As a result of all this, I was offered a pack of British Rose Veal to sample and devise some interesting recipes with, by the lovely people at Farmer's Choice Free Range from Fareham in Hampshire.  Not surprisingly, I said "yes please!" and was the very grateful recipient of some minced veal (probably destined for burgers, unless we have a brilliant idea in the meantime), some veal escalopes (currently the subject of a battle between Wiener Schnitzels and a stuffed, rolled veal dish) and two roasting joints - the larger of which is destined for a Sunday roast and the smaller of which was used in today's recipe.

Now, first of all, let me put my hands up and admit that I had not sampled veal before last Saturday when I made this dish.  Up until very recently, I was one of the millions who believed that veal was ethically undesirable due to its production techniques.  Having seen the light, I have been as keen as proverbial mustard to get my paws on some to try.

Having done so - tried some, that is - I can quite categorically say that I love it.  I have always liked beef and so the transition to liking veal really wasn't that difficult.  It does have a different flavour from beef (which I was glad about, to be honest, as it would be a bit of a disappointment to find that it was just a paler version) and we are still trying to put our fingers on the complete range of flavour.  However, the best I can do at the moment (other than say "well, it just tastes like veal") is to say that the flavour is somewhere between the strength of beef and the sweetness and mildness of a piece of lean pork, with a good bite to it.  Veal doesn't melt on your tongue, but then neither is it as robust as a slice of roast beef would be.  It has almost a crispness where the bite is concerned and a very irony finish to the flavour that is nothing like as powerful as liver, but has a liverish note to it.  Veal is also a very satisfying meat to consume, in that you know you've eaten something at the end of it!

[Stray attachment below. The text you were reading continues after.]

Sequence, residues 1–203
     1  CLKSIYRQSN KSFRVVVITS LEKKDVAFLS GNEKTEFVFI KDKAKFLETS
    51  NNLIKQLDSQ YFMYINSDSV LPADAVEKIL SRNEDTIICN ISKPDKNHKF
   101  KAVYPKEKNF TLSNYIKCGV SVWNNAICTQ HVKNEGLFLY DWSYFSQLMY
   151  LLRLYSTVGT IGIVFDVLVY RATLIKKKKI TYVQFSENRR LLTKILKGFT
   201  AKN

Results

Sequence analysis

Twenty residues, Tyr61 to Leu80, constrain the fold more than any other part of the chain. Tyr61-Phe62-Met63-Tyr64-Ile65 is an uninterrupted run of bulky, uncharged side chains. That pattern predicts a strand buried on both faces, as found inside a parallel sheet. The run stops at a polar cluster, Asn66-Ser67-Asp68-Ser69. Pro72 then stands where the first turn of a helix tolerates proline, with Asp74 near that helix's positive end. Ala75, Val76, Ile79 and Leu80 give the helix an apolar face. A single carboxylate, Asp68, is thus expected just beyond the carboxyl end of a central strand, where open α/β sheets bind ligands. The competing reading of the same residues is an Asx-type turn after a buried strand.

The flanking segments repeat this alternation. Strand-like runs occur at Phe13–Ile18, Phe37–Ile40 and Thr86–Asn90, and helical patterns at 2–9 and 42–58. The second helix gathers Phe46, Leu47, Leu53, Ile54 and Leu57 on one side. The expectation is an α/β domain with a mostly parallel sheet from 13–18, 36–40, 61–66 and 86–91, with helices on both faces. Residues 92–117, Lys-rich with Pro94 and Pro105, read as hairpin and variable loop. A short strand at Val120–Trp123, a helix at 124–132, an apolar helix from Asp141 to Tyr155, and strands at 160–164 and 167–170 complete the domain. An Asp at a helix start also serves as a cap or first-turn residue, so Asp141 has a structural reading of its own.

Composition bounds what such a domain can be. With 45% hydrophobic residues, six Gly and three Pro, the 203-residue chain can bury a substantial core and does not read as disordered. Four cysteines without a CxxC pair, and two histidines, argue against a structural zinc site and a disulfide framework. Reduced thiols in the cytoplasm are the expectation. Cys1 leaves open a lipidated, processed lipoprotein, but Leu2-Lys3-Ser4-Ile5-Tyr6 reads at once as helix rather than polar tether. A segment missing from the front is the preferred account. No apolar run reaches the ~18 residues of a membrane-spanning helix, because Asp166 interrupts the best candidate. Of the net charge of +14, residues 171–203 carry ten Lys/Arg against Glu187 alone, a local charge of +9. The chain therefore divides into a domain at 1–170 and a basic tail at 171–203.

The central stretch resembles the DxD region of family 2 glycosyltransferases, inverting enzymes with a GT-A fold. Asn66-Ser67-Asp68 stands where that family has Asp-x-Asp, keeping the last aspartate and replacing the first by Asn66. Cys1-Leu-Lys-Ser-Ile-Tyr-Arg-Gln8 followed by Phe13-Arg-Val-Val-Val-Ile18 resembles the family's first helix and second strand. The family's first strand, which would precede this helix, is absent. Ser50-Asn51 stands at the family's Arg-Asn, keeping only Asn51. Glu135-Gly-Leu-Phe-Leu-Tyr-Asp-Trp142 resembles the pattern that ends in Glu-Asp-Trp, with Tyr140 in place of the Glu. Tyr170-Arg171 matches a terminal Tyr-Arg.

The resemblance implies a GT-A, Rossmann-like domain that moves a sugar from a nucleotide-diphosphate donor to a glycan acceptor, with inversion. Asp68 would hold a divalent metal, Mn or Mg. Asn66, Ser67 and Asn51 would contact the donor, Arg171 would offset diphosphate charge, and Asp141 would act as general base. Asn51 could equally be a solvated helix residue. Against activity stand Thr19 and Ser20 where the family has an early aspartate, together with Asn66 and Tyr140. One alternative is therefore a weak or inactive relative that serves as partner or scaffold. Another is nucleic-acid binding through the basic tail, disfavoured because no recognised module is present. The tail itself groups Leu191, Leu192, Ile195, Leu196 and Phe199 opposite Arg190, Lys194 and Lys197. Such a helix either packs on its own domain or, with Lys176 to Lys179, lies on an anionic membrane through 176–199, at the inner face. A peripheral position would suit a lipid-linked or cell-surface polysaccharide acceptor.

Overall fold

The recipe that I devised for the veal, it would appear, has been done before (not surprisingly) and the additional flavours of the cider, chestnut mushrooms and tarragon lived very happily alongside it.  I can see it also being happy to accompany some chestnuts at Christmas and roasted root vegetables.

I was a little bit disappointed in the sauce/gravy as it lost a lot of thickness in the oven, so I have reflected the alteration to the cooking method in the recipe below to take account of that.  Hopefully this way will provide a sauce with some body, but I will own up and say that I haven't tried it as yet - so let me know if it lets you down!